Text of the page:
I am going to stop here, but I want to acknowledge that this is far from a complete discussion on all the possible causes (nor cures) for BSOD’s and the other woes mentioned at the top of this post. I will return to this topic again, and I invite your comments and critiques, and suggestions. I close by suggesting you also read my article on the Windows System Restore tool (click here) and reminding you that — should all your efforts fail, my services are available at http://aplusca.com.

Today’s free link: Sandra Lite from SiSoft. This is a benchmarking and system analysis tool that shows you a wealth of information about the workings of your computer, and detects areas that aren’t working as well as they should.

Copyright 2007-8 © Tech Paul. All rights reserved.jaanix post to jaanix

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May 3, 2008 Posted by | advice, BSOD, computers, device drivers, hardware, how to, PC, performance, Plug and Play, removing Updates, Safe Mode, System Restore, tech, troubleshooting, Vista, Windows, XP | , , , , , , , , , , , , , , , , , , , , , , | 7 Comments

Get these Vista updates

Tip of the day: Improve your Vista’s performance and reliability by downloading and installing a few “optional” updates. (Gamers take note.)

I have mentioned the soon-to-be-released Service Pack 1 for Vista (and, why you want it) in previous articles, and yesterday I mentioned that bits and pieces of it are already available, or being installed, through Windows Update. As I mentioned then, a primary purpose of a Service Pack is to fix bugz and glitchez, which has the nice benefit of reducing (eliminating?) blue screens, and making your computer more “stable”– in geek speak, that’s called Performance & Reliability (versus “downtime”.)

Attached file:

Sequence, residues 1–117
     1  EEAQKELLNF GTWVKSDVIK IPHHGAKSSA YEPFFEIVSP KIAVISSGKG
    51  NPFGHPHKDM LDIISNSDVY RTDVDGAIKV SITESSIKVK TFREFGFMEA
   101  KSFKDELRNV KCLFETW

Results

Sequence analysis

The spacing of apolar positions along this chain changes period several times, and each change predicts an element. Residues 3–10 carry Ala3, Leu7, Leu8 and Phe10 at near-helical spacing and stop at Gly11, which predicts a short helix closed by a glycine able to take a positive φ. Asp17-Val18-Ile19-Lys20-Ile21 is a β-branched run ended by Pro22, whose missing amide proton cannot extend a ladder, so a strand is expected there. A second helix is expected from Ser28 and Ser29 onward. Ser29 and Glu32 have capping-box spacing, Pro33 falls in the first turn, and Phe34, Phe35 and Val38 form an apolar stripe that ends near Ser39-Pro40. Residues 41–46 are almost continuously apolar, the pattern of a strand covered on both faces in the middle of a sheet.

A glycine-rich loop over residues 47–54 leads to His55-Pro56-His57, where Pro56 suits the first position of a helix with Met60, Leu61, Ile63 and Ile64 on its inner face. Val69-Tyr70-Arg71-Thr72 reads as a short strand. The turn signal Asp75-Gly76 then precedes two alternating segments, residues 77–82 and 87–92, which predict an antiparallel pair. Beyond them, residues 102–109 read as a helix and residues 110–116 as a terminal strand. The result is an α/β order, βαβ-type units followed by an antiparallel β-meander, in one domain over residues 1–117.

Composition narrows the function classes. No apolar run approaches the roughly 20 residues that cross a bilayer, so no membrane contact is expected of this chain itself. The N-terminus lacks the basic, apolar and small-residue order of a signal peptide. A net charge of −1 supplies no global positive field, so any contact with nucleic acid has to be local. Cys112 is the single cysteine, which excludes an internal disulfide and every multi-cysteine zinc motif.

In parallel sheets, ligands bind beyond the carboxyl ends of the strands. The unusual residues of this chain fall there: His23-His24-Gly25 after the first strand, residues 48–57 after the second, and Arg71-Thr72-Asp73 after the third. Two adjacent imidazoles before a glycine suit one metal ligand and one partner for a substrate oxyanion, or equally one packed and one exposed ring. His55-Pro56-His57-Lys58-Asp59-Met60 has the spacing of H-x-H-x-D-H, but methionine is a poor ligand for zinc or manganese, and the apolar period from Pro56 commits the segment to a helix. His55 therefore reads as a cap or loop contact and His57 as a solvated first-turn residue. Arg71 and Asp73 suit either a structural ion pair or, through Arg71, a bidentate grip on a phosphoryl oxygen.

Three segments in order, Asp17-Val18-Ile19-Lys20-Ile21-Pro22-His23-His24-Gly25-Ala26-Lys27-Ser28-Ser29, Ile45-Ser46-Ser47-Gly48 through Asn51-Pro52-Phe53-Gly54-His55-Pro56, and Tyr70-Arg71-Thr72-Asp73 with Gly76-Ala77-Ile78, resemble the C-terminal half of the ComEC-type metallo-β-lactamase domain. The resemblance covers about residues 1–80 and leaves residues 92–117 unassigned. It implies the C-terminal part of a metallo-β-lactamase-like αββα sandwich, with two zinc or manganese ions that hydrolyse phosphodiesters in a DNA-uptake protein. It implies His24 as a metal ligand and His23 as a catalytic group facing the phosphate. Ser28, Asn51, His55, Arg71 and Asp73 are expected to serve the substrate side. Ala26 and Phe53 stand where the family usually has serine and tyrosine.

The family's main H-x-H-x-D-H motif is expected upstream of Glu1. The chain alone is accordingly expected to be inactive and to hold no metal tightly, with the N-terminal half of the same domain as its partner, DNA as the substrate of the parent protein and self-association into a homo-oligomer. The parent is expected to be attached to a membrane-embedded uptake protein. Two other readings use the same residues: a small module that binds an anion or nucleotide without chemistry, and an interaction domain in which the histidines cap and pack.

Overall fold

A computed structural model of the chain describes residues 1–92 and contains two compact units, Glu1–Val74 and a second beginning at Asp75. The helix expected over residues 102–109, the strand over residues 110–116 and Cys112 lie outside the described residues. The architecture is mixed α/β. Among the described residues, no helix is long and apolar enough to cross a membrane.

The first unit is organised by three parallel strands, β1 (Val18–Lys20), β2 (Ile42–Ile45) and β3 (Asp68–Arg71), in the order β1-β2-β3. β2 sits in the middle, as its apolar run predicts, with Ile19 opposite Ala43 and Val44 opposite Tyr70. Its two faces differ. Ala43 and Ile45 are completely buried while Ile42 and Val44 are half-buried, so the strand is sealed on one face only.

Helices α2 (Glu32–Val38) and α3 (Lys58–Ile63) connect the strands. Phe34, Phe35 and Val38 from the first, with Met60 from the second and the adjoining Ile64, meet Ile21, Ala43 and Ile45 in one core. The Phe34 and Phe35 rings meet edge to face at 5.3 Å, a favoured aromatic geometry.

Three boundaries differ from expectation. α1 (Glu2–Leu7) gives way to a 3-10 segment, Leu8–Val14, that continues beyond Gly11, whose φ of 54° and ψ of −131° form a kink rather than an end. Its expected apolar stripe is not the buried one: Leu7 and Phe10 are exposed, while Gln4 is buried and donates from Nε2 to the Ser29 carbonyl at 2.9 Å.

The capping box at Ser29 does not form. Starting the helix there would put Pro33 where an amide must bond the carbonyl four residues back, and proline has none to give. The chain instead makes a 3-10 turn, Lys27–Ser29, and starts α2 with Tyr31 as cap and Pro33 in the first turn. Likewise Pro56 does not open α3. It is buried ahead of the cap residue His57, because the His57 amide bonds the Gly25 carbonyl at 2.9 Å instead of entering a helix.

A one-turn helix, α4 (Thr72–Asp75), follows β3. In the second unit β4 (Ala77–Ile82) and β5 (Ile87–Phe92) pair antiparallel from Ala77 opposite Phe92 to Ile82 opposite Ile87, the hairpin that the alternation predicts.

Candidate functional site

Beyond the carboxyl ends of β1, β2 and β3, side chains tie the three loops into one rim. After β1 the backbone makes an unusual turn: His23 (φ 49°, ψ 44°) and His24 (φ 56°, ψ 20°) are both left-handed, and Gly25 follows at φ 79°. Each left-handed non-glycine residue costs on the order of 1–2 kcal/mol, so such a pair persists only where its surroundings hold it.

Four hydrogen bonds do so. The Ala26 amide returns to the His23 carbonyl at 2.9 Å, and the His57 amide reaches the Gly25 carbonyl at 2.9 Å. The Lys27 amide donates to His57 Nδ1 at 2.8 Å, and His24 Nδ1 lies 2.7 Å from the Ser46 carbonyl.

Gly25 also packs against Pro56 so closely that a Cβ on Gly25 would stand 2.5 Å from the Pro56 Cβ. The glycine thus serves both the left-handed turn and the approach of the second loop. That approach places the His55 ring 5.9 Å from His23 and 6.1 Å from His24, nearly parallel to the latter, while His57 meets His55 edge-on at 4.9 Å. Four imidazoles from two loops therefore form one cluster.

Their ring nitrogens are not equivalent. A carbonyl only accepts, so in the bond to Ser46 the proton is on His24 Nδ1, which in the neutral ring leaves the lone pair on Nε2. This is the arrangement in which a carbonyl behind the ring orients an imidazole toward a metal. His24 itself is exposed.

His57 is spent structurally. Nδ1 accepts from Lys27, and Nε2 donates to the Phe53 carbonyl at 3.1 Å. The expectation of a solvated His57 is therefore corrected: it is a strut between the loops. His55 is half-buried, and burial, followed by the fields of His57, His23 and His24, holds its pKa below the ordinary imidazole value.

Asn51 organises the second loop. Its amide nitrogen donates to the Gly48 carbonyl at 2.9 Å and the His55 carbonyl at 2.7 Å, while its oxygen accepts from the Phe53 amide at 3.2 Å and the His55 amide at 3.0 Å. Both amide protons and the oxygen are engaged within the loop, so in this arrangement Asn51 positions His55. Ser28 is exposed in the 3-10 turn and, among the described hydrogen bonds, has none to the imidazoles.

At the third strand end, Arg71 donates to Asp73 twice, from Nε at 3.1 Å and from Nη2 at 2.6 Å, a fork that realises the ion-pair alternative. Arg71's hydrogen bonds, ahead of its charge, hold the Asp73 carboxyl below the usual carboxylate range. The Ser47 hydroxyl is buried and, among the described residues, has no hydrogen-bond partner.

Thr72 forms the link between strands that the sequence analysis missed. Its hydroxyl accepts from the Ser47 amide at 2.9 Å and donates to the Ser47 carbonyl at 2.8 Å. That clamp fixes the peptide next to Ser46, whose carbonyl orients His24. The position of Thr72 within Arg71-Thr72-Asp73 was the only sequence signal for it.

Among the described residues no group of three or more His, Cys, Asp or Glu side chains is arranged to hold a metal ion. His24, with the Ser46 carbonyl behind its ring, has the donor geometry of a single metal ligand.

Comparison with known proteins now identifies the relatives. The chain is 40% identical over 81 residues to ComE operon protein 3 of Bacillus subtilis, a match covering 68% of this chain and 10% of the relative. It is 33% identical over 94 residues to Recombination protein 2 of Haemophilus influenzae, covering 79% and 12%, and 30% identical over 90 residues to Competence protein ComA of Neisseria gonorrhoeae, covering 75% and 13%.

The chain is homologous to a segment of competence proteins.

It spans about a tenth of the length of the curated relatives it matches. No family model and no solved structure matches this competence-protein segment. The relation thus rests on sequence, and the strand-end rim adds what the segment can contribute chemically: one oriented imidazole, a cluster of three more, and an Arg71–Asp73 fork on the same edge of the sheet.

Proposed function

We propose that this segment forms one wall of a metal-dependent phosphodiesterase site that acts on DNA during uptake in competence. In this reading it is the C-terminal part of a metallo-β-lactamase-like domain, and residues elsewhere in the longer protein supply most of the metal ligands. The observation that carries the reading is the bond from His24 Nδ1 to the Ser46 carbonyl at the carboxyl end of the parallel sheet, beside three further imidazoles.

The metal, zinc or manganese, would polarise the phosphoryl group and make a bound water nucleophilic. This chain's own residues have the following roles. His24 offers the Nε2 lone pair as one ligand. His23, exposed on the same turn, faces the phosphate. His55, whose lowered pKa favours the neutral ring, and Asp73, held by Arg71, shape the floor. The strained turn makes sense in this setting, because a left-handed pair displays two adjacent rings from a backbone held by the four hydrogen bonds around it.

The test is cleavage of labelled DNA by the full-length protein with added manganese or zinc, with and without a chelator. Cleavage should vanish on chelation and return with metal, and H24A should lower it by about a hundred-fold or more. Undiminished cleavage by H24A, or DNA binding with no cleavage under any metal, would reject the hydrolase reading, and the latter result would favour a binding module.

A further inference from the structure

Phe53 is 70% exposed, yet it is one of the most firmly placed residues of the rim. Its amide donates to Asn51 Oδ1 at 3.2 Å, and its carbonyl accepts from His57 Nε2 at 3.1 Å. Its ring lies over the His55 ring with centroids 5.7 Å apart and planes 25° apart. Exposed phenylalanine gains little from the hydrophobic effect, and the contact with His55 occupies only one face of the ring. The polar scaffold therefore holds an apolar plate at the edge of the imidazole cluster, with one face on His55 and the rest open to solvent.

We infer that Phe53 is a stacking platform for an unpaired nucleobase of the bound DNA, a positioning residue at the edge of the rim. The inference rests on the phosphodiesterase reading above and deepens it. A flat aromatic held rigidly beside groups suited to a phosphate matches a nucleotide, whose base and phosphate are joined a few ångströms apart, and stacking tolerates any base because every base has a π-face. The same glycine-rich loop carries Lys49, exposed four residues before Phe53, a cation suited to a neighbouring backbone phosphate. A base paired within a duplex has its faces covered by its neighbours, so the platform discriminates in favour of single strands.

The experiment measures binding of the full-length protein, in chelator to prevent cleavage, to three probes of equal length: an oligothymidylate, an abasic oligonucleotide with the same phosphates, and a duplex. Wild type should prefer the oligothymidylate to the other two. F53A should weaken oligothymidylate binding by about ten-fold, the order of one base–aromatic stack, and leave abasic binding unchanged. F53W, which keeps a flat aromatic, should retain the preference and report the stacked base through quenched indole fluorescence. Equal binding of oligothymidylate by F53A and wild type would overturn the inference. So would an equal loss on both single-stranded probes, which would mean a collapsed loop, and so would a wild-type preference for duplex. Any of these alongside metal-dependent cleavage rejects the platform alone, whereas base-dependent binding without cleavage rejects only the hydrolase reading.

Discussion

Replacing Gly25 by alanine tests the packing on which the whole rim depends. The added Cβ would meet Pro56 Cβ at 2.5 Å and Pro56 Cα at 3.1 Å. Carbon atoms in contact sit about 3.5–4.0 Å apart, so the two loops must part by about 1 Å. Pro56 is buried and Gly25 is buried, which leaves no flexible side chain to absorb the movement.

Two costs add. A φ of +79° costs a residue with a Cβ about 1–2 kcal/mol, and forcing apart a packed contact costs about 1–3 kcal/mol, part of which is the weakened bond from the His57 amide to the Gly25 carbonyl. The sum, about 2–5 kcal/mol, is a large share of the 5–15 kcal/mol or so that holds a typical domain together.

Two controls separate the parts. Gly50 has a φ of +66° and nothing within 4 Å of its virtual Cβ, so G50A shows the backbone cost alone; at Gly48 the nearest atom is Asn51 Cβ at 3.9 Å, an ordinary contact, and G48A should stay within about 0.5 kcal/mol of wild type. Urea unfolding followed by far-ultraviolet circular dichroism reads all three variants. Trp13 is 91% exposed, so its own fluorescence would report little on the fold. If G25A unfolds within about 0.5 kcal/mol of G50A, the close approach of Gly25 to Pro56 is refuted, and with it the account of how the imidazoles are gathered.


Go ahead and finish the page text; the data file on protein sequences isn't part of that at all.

Now I, for one, am all for taking steps that improve my PC’s performance. I have been known to “tweak” a setting or two in the hopes of gaining a modest gain in speed. I confess, I have even played around with (gasp!) over-clocking. (Though I also confess, I must have done something wrong.. or been too timid, because I found it unsatisfying.) If you, too, want to improve Vista’s speed (at certain tasks) and improve your machine’s P&R, read on.

Microsoft has available a couple of updates that you must actively seek out and install yourself (or, you can wait for SP1) that fix specific bugs and improve performance. I suggest, if you haven’t done so already, to get them; and, I will provide the direct links.

The first is a “compatibility and reliability” update called KB938194, which is available here. (The specific issues it resolves are listed, if you’re interested in that sort of thing.)

And the second one is the one for you if you have any “waking from sleep/hibernation” issues (it fixes several memory issues as well): it is KB938979 and you can get it here.